The Martyr of Mosul

On April 1—Palm Sunday—after
bullets were fired into the Church of the Holy Spirit in
Mosul, Iraq, during mass, the pastor, Father Ragheed
Ganni, a Chaldean Catholic, e-mailed friends at the
Asia Times:

"We
empathize with Christ, who entered Jerusalem in full
knowledge that the consequence of His love for mankind
was the cross. Thus, while bullets smashed our church
windows, we offered our suffering as a sign of love for
Christ."

The attacks continued. Father
Ragheed wrote again: "Each day we wait for the
decisive attack, but we will not stop celebrating mass;
we will do it underground, where we are safer. I am
encouraged in this decision by the strength of my
parishioners. This is war, real war, but we hope to
carry our cross to the very end with the help of Divine
Grace."

As the bombings in Mosul and
Baghdad rose during April and May, and priests were
kidnapped, Father Ragheed grew weary. In his last
e-mail, May 28, he wrote, "We are on the verge of
collapse."

A day before, Pentecost Sunday, a
bomb exploded in his church, and Father Ragheed seemed
dispirited: "In a sectarian and confessional Iraq,
will there be any space for Christians? We have no
support, no group who fights for our cause; we are
abandoned in the midst of the disaster. Iraq has already
been divided. It will never be the same. What is the
future of our church?"

Though tempted by despair, Father
Ragheed did not give up hope.

"I may
be wrong, but I am certain about one thing—one single
fact that is always true: that the Holy Spirit will
enlighten people so that they will work for the good of
humanity, in this world so full of evil."

Following mass on Trinity Sunday,
a week after Pentecost Sunday, Father Ragheed and three
sub-deacons were seized, taken away and murdered. Their
killers placed vehicles loaded with explosives around
the bodies so no one would dare approach them.

The story of

The Last Mass of Father Ragheed, a Martyr of the
Chaldean Church,

is related by Sandro Magister of www.Chiesa.

Father Ragheed had completed his
studies in Rome in 2003, Magister writes, and returned
full of hope. "That is where I belong, that is my
place,"
he said of Iraq. "Saddam has fallen, we
have elected a government, we have voted for a
constitution."

Since 2003, an immense tragedy has
befallen the Iraqi Christians. In 2000, Chaldeans, Syro-Catholics,
Syro-Orthodox, Assyrians from the East, Catholic and
Orthodox Armenians, and Greek-Melkites together numbered
1.5 million. Today, perhaps 500,000 remain. Hundreds of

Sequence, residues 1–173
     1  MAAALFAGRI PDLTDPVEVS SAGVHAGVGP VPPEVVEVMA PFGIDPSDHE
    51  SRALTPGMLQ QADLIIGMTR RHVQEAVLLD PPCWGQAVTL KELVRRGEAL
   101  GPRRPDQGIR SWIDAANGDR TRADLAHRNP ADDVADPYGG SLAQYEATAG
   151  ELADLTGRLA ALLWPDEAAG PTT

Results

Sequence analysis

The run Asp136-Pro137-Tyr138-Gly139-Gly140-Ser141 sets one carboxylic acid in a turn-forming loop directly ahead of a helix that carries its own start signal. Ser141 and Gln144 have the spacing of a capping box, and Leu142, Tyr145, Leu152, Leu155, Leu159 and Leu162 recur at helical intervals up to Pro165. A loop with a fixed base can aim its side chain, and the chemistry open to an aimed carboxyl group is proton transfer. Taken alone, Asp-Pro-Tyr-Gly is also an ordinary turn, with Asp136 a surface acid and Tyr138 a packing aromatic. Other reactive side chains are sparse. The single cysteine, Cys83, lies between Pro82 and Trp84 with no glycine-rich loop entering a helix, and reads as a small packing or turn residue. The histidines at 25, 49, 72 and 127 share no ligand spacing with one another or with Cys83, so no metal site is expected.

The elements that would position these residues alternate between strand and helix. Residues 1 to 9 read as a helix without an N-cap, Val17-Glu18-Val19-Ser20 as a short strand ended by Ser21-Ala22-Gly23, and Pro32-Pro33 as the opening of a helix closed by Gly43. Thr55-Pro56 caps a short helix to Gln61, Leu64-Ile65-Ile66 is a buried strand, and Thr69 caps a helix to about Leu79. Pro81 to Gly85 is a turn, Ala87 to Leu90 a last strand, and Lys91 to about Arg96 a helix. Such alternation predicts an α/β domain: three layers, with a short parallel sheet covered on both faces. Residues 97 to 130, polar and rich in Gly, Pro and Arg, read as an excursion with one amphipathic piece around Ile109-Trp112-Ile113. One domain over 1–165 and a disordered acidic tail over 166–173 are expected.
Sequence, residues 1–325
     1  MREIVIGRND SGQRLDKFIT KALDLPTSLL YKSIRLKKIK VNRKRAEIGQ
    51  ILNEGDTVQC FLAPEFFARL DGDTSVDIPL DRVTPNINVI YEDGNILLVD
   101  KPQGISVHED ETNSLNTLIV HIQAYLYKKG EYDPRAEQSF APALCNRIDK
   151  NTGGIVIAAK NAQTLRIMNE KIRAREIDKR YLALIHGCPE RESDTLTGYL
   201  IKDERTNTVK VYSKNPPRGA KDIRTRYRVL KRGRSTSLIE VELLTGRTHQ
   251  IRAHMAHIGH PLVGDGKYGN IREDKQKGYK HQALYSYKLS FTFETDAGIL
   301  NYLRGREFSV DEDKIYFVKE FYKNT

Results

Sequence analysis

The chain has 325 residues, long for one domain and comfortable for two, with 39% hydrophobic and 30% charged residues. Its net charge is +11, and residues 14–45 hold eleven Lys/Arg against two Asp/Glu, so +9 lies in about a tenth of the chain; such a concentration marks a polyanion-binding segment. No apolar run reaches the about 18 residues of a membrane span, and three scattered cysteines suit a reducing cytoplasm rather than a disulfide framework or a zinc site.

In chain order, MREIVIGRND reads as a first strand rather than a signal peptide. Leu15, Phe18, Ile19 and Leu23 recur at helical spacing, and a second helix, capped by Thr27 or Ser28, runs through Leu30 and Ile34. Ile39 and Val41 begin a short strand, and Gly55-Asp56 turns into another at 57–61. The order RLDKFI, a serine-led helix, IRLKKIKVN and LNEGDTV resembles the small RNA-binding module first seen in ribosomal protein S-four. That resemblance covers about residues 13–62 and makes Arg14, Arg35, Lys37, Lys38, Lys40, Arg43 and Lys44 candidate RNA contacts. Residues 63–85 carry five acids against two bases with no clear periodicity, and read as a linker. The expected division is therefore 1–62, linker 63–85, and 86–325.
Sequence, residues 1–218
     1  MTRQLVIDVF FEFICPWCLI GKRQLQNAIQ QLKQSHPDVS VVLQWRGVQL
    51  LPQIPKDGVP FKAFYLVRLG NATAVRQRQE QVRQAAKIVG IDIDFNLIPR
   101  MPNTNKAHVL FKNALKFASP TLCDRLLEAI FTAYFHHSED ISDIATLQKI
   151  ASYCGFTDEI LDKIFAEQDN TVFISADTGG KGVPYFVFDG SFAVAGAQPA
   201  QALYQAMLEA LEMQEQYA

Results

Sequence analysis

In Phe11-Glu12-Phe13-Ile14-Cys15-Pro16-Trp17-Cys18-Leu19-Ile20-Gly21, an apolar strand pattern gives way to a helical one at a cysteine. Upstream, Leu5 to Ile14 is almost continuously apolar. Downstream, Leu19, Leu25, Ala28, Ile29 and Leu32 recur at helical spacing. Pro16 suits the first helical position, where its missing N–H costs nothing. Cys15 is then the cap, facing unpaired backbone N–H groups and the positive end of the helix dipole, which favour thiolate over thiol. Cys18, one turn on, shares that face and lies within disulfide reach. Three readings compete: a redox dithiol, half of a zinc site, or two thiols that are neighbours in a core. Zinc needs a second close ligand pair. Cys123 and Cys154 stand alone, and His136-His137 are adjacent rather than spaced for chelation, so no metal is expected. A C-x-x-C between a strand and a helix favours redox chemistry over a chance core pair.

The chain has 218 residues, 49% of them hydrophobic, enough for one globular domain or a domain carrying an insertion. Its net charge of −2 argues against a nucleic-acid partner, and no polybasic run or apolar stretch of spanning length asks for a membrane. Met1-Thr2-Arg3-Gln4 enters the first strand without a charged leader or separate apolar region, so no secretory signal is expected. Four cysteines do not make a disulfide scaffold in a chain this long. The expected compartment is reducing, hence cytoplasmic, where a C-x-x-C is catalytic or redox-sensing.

thousands have found sanctuary in Syria and Jordan, tens
of thousands in Egypt and Lebanon. Among the refugees
are many of Iraq`s professionals—doctors and teachers
who could have helped build a better future for all in
Iraq.

The region around Mosul and
Nineveh, writes Magister, is the "cradle of
Christianity in Iraq. There are churches and monasteries
that go back to the earliest centuries. … Aramaic, the
language of Jesus, is used in the liturgies."

As the war has dragged on, life
has become hellish for the remaining Christians. Yet
they have never resorted to bombings or assassinations.

Father Ragheed is neither the
first nor last of the Iraqi martyrs.

After Pope Benedict gave his
speech in Regensburg, Germany,

touching on Islam,
Father Paulos Iskander was
kidnapped and beheaded in retaliation by the "Lions
of Islam."
Father Joseph Petros was murdered. A

Catholic nun
told the

Vatican news agency:
"The imams preach in the
mosques that it is not a crime to kill Christians. It is
a hunting of men."

In May, St. George`s Assyrian
Church in the Dora neighborhood, a Christian enclave of
Baghdad, was burned down, destroying what had survived a
firebombing in 2004. The Assyrian International News
Agency (AINA) reports it was the 27th church destroyed
by Muslim gangs since the liberation of Iraq.

Now the ancient practice of the

jizya
—the "head tax" Muslims have
traditionally imposed on Christians, Jews and religious
minorities—is being reinstituted.

According to AINA,
"Al-Qaida is demanding that
Christians pay 250,000 dinars (around $200) for the
right to remain in their own homes, a sum equivalent to
an average month`s salary in Iraq."

All this, and the news of Father
Ragheed`s murder, moved Benedict XVI to raise the issue
with President Bush.

For when Bush left the Vatican, he

told reporters:
"He (the pope) is  … He was
concerned that the society that was evolving would not
tolerate the Christian religion."

For the martyrdom of Christianity
in its birth cradle, blame must fall heavily upon the
men who conceived this misbegotten war.

COPYRIGHT

CREATORS SYNDICATE, INC
.



Patrick J. Buchanan
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